As Duke Energy’s work to close 59 ash basins at 21 plants continues to accelerate, expert teams focused on basin closure logged more than 7 million hours in 2018, demonstrating the company’s commitment to safely managing coal ash.
By the end of 2018, the company had ceased sending ash to nearly all basins, well in advance of state and federal requirements. At most operating coal plants, new systems and equipment replaced ash basins, positioning Duke Energy to begin the closure process.
About 22 million tons of ash have been excavated since basin closure began, including more than 5 million tons moved in 2018. Ash has been excavated from seven basins in North Carolina, South Carolina and Indiana, with seven others in North Carolina and Kentucky expected to be complete in 2019, including the Dan River site.
Duke Energy continues to look for innovative ways to recycle and reuse coal ash. Overall, the company successfully recycled nearly 80 percent of the coal ash produced at its operating power plants in 2018.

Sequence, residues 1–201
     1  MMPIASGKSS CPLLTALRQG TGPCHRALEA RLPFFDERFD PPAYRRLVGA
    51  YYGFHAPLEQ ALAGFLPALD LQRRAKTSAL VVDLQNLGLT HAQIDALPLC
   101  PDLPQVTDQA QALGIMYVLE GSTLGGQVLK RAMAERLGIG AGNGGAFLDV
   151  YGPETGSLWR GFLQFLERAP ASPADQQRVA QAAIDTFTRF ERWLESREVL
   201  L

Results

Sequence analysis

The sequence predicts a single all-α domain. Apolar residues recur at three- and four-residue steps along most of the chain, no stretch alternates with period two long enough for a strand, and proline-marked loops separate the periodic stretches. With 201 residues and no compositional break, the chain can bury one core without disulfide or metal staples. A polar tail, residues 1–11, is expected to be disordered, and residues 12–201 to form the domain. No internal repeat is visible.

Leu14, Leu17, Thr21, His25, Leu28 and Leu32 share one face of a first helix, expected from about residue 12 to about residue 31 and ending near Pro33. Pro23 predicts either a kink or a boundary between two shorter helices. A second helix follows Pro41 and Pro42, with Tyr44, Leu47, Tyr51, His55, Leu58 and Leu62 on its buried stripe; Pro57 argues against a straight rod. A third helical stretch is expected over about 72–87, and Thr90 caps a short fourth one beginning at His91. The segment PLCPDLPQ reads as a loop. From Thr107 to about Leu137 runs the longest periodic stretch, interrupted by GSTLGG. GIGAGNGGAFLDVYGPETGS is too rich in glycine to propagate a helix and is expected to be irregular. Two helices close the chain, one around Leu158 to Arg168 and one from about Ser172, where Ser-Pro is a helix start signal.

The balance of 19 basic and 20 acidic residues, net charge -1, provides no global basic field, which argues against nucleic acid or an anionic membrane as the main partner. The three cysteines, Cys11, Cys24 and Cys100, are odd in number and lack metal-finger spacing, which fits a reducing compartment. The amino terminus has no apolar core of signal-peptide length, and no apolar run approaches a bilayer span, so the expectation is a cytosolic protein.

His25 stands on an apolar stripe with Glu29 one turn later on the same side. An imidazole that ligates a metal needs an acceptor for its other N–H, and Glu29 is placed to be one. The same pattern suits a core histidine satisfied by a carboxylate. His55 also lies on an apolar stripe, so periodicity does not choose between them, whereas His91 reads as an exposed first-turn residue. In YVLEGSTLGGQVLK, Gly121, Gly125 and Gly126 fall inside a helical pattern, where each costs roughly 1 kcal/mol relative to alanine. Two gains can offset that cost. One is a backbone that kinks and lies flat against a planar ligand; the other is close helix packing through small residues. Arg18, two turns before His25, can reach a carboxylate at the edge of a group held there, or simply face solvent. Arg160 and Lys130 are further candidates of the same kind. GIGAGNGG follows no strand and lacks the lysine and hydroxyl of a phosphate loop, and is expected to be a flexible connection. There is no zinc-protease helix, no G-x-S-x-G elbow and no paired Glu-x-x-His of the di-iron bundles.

Hurricane Florence brought historic flooding to the Sutton and H.F. Lee facilities, displacing a small amount of ash and cenospheres, another combustion byproduct. N.C. Department of Environmental Quality testing validated that the public and water quality remained protected throughout the storm. The company’s experts and spokespeople responded quickly to address and correct misleading media reports during the hurricane.
In April 2019, North Carolina officials ordered the company to excavate nine basins where closure decisions had not yet been made. We believe the decision imposes a financial burden on our customers and the economy of the Carolinas through the most expensive and disruptive closure option possible, despite that these basins are rated “low risk” by the state and capping would be fully protective of people and the environment.
The company is appealing the order as we continue to advocate for common sense plans to close all of our basins in ways that benefit customers and communities.